Basically, Terence is using outliers to prove his point and ignoring the fact doctors couldn't attribute a pitcher's "dead arm" to any certain cause 50-60 years ago to further his claim that the more a pitcher pitches the less chance he has of sustaining an elbow or arm injury. He's using the fact there was less knowledge about arm and elbow injuries 60 years ago as a way of indicating pitchers 60 years ago didn't hurt their arms. It's just not true.

He also has a splendid 2.27 ERA to complement a 9-5 record. Not only that, his throwing mechanics are as fundamentally sound as they come at 24 years old.

Which is why Mets general manager Sandy Alderson and others associated with the franchise and beyond say they are shocked by it all.

They can shocked all they want, but again, throwing a baseball at 95 miles per hour 60 times a day is an unnatural motion for the human body.

But he sought to spin things toward the positive this week by telling reporters that he was "optimistic" he could avoid surgery through a vigorous rehabilitation routine.

What's Dr. Terence Moore's suggestion for this vigorous rehabilitation routine? Throwing a baseball as hard and as often as possible every day of the week. That elbow will right heal itself up!

I'm not shocked, and you shouldn't be either. From now until the unforeseeable future, the only time you should respond with raised eyebrows after reading a health report on a Major League pitcher is when it says that pitcher won't need surgery.

Let's not be dramatic about it. Pitchers today throw their pitches faster than ever, so that causes more stress on a pitcher's elbow, which could explain the supposed increase in pitchers who need surgery.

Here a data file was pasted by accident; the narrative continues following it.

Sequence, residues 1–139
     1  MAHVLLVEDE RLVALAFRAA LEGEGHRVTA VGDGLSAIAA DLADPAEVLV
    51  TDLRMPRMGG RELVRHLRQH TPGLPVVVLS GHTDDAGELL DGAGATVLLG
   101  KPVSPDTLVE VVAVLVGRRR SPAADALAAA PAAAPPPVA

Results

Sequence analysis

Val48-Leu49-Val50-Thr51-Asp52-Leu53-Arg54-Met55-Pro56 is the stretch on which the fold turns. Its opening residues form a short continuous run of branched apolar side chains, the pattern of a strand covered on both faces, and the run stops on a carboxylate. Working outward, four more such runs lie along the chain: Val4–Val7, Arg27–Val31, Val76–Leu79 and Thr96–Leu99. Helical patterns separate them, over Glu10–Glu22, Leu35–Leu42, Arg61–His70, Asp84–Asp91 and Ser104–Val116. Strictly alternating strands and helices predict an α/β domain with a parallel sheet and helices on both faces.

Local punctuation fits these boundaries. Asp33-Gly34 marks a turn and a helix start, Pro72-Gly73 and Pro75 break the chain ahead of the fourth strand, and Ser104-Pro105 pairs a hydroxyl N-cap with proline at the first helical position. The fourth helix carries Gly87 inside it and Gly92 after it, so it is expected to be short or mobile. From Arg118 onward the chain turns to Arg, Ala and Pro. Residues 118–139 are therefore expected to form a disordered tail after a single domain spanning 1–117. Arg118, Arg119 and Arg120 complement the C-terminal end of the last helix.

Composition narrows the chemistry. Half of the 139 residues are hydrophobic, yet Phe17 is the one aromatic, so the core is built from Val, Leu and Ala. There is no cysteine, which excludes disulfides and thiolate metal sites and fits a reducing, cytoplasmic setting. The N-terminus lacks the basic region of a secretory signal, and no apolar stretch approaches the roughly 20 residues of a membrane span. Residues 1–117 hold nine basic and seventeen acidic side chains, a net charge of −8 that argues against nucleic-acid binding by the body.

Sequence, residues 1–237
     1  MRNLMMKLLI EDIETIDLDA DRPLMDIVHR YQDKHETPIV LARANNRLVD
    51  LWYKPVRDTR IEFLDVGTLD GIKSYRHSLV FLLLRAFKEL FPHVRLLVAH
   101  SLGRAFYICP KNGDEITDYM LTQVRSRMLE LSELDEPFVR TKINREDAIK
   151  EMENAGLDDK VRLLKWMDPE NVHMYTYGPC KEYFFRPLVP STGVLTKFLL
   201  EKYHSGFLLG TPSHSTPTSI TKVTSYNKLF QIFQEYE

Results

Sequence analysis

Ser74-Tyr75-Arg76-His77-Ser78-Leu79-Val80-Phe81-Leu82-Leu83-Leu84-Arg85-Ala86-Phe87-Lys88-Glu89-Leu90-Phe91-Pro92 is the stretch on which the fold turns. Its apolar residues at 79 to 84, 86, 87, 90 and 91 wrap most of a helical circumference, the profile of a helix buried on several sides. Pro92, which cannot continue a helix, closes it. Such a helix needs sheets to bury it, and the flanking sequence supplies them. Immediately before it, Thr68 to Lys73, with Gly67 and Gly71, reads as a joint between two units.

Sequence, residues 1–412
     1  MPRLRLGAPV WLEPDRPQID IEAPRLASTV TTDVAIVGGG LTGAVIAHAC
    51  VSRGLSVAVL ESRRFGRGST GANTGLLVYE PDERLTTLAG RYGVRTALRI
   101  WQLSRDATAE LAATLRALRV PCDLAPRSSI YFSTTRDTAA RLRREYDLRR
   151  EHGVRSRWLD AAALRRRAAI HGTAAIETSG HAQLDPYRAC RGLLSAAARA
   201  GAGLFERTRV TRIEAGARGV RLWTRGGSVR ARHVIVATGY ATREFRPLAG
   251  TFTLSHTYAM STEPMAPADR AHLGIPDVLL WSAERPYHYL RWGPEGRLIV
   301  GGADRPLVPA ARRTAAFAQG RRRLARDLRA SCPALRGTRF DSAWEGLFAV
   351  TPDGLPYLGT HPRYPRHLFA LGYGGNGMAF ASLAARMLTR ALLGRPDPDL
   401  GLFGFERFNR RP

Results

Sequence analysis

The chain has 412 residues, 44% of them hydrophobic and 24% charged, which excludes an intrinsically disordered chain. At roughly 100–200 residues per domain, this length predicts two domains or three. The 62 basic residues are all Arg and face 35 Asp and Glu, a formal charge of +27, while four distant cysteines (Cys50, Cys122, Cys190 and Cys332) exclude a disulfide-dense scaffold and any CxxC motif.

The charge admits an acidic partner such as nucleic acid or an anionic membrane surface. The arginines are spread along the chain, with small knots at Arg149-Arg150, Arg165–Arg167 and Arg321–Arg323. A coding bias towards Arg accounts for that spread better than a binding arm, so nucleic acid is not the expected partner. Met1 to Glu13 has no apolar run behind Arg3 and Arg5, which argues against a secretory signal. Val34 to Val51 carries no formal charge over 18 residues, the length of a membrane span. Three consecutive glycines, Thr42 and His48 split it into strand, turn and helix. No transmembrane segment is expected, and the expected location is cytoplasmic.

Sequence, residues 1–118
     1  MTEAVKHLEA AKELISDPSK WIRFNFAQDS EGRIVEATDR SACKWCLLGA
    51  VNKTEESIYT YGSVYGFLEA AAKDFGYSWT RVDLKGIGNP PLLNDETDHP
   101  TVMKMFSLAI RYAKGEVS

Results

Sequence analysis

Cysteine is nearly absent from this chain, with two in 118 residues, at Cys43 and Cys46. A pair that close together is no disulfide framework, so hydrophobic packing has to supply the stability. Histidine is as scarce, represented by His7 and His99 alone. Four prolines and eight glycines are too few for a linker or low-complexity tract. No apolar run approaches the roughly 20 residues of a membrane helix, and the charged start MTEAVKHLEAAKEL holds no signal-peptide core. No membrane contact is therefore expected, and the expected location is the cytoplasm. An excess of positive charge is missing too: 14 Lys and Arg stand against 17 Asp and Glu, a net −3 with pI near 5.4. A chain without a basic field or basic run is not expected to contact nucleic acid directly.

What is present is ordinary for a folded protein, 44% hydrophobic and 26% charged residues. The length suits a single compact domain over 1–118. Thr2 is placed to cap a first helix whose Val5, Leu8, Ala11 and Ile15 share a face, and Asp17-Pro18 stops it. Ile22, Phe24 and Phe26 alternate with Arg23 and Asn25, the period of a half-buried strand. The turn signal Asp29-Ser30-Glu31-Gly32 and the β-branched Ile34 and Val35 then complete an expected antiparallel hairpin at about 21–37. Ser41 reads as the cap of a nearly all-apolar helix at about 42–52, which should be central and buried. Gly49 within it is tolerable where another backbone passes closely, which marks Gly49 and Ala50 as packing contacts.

This is an epidemic, all right. Consider the Braves, owners of baseball's best record. They also are continuing their decades-long run as a prolific franchise for pitching. They are second in baseball in team ERA at 3.22 to the Pirates' 3.19, but get this: Within the last five years, the Braves have witnessed seven of their pitchers undergo Tommy John surgery, and that's just at the Major League level.

And why have the Braves had so many arm injuries? They baby their pitchers. This didn't happen when the Braves had John Smoltz on the roster---wait, nevermind.

As for those other Braves pitchers with significant arm-related pain, well, they were like Harvey. Young. Vibrant.

They didn't die. They just had arm surgery. If Terence is looking for an exact explanation on why some pitchers have major arm surgery and other pitchers do not, then he isn't going to find one. I guess that's why he makes up the solution that today's pitchers (unlike "back in the day") are coddled too much.

It's got to be that throwing (or the lack thereof) thing, not only for the Braves, but for everybody, because pitchers used to throw forever. I'm talking about in the Major Leagues, in the Minor Leagues, in Little Leagues and in sandlot leagues.

And pitchers that used to throw forever also got injured, but they weren't diagnosed with an elbow injury or weren't told they required Tommy John surgery because doctors couldn't diagnose the problem. So it was attributed to a pitcher just losing velocity or some other mysterious cause.

And let's get that ridiculous example out of the way in Walter Johnson. After he made his Major League debut in 1903, he pitched 200 innings or more 18 times in 21 years. He even went nine straight seasons throwing 300 innings or more. Two-hundred innings once was the standard for starting pitchers during a given season. Now, not so much.